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Good Vibes Festival’s cancellation sends Shockwaves through Malaysia’s entertainment scene

The abrupt cancellation of Good Vibe Festivals (GVF) significantly affected artists’ and concertgoers’ trust in Malaysia’s entertainment industry.

Livescape Group’s CEO cautioned that this incident might discourage international artists and have far-reaching implications for organizers, fans, sponsors, and the government.



MALAYSIA: The cancellation of Good Vibe Festivals (GVF) last Saturday (22 July) rattled artists’ and concertgoers’ confidence in the local entertainment industry.

Last week, The 1975 had their performance at the Good Vibes Festival (GVF) 2023 cut short after Healy criticised Malaysia’s anti-LGBT (lesbians, gay, bisexual and transgender) laws before proceeding to kiss his male bandmate on stage.

Following the incident, Communications and Digital Minister Fahmi Fadzil ordered an immediate cancellation of the festival.

Livescape Group CEO Iqbal Ameer said shutting down the three-day event solely because of one act on Friday night will now make concerts in Malaysia significantly less attractive to international artists.

“Event organisers will now have to think 10 times about whether to get a music festival up and running. Why would anybody want to take a risk?”

“It will be the same for artists, sponsors, fans, tourists, food vendors, and the government, who will now think several times before granting approvals,” he told Free Malaysia Today (FMT).

Iqbal urged the entire entertainment industry in Malaysia to rally behind the approximately 100 live events scheduled between now and December, proving that one individual’s actions should not overshadow the whole industry.

The incident at GVF involving The 1975’s lead singer, Matty Healy, criticizing Malaysia’s stance on LGBT and his subsequent actions, sparked widespread condemnation and led to the cancellation of performances in Jakarta and Taiwan.

Is Good Vibes Festivals a scapegoat?

Ben Law, the founder and director of Future Sound Asia (FSA), the organizers of GVF, expressed grave concern that the actions of a single individual have posed an “unprecedented threat” to the decade-long event.

Law referred to the incident as a “catastrophic financial blow” for FSA and highlighted that its impact would extend beyond their company, affecting the entire industry.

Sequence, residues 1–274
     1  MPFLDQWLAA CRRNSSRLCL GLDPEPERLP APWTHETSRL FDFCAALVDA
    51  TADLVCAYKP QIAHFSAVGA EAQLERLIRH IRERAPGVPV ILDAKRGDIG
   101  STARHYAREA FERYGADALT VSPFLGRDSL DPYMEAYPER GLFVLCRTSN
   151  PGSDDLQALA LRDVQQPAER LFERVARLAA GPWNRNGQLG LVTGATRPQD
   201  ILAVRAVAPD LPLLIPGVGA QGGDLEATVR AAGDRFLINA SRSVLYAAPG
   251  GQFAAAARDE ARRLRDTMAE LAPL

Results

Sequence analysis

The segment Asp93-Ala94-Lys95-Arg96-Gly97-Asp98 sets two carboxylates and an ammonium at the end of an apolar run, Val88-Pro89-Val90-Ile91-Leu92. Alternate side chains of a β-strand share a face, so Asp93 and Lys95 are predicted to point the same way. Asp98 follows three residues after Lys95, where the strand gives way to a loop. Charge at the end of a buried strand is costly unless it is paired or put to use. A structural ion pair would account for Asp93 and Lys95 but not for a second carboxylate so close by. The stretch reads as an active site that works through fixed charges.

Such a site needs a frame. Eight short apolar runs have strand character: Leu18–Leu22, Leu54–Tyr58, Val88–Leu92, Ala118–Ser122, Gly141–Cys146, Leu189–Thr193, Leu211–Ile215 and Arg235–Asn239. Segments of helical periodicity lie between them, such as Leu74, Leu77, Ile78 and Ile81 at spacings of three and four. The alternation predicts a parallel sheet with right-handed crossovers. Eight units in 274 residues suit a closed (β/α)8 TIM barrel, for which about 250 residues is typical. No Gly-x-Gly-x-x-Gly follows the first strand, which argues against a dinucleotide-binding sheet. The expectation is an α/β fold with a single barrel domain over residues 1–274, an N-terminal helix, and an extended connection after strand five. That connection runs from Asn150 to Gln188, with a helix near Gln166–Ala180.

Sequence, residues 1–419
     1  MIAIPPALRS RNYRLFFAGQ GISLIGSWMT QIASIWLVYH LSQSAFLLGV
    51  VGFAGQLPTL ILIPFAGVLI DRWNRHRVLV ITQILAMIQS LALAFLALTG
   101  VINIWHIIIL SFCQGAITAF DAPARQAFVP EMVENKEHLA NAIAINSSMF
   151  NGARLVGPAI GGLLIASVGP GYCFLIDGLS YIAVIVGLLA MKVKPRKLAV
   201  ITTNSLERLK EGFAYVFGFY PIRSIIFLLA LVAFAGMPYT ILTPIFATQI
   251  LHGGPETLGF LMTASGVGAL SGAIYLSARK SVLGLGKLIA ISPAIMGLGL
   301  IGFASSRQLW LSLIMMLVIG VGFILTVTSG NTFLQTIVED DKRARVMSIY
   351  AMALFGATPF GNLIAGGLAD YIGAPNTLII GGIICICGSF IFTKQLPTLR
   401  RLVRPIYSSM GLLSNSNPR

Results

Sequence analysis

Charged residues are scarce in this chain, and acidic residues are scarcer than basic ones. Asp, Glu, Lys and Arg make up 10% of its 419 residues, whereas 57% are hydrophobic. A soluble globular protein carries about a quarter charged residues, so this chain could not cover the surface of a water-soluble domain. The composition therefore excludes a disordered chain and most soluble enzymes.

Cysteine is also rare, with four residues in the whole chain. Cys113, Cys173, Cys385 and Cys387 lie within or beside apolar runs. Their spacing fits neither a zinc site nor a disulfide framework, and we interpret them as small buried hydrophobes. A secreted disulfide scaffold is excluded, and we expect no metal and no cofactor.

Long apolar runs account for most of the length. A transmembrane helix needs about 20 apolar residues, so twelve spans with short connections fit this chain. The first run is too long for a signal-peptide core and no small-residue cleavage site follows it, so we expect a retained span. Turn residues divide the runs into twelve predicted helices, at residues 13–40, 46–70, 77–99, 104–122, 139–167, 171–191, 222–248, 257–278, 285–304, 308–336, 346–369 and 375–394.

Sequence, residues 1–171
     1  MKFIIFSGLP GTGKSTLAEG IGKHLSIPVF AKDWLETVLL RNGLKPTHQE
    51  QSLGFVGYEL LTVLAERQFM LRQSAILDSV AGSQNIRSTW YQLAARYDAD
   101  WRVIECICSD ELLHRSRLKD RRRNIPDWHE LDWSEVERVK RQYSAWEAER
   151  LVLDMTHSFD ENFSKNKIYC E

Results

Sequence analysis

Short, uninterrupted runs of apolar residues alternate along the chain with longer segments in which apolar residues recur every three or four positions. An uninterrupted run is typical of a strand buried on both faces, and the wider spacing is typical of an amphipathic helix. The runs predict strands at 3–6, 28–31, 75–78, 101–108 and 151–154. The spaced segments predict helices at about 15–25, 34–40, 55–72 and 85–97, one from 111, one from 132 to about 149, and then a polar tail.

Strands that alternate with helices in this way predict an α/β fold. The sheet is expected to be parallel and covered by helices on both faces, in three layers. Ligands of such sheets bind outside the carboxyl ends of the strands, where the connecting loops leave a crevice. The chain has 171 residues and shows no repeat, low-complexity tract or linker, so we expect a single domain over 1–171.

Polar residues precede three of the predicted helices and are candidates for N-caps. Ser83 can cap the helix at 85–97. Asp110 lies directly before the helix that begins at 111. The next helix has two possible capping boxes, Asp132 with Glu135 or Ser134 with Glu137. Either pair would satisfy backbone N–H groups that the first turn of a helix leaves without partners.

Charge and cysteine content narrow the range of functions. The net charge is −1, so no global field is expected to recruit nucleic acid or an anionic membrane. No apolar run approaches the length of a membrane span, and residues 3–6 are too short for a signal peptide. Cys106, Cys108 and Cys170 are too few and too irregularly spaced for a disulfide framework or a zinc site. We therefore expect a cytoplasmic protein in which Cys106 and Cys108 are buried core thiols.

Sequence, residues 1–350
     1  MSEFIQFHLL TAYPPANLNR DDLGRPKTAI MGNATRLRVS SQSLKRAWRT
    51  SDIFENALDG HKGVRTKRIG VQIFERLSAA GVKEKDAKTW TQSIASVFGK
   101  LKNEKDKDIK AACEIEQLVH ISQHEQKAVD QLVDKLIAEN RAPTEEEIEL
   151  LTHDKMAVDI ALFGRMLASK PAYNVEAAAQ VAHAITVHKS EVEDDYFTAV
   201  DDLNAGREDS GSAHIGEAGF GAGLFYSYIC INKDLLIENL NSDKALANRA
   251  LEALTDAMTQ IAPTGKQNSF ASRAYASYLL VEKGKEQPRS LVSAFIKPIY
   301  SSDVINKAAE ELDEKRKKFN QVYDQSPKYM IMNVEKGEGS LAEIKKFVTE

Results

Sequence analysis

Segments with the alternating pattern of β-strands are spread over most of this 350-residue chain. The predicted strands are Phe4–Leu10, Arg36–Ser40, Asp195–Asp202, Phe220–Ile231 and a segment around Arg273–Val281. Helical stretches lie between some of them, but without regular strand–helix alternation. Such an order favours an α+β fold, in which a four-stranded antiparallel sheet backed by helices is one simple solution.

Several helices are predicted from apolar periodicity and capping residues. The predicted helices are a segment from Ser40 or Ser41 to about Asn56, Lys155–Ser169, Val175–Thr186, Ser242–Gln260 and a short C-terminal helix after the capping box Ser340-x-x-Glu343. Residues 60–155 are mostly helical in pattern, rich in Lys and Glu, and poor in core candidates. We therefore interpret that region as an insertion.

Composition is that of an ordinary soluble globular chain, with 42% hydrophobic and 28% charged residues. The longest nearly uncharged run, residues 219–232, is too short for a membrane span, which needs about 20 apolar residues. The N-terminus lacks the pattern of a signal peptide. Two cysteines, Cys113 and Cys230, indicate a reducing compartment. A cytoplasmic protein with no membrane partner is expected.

“I think the industry has to unite and show that we can continue doing this,” he said.

Wan Alman Ariffin, FSA head of entertainment at FSA said it took a long time for GVF to shut Healy down due to the band’s tour manager hesitation.

He claimed they told The 1975’s manager to get Healy to stop but the manager seemed hesitant.

“We told them ‘This has to stop, you have to stop Matt Healy, have to stop the band from doing this’,” Wan Alman said.

When it looked like the manager was not going to tell the band to stop, the organisers along with the authorities had to stop the show.

FSA should not have been penalised

Another industry insider and lawyer, David Gurupatham, said the general consensus among industry players was that FSA should not have been penalised by being forced to shut down the concert.

Instead, Gurupatham said, the festival should have been allowed to carry on with assurances that such incidents would not happen again.

Gurupatham also suggested that The 1975 might have breached its contract by failing to abide by performance guidelines, including those which require the band to avoid touching on sensitive issues.

“Millions have been lost in ticket sales, food sales and hotel bookings because of this irresponsible behaviour by one artiste,” said Gurupatham, the co-founder of trade group coalition Industries Unite.

Meanwhile, FSA is mulling legal action against Healy following the fiasco at GVF.

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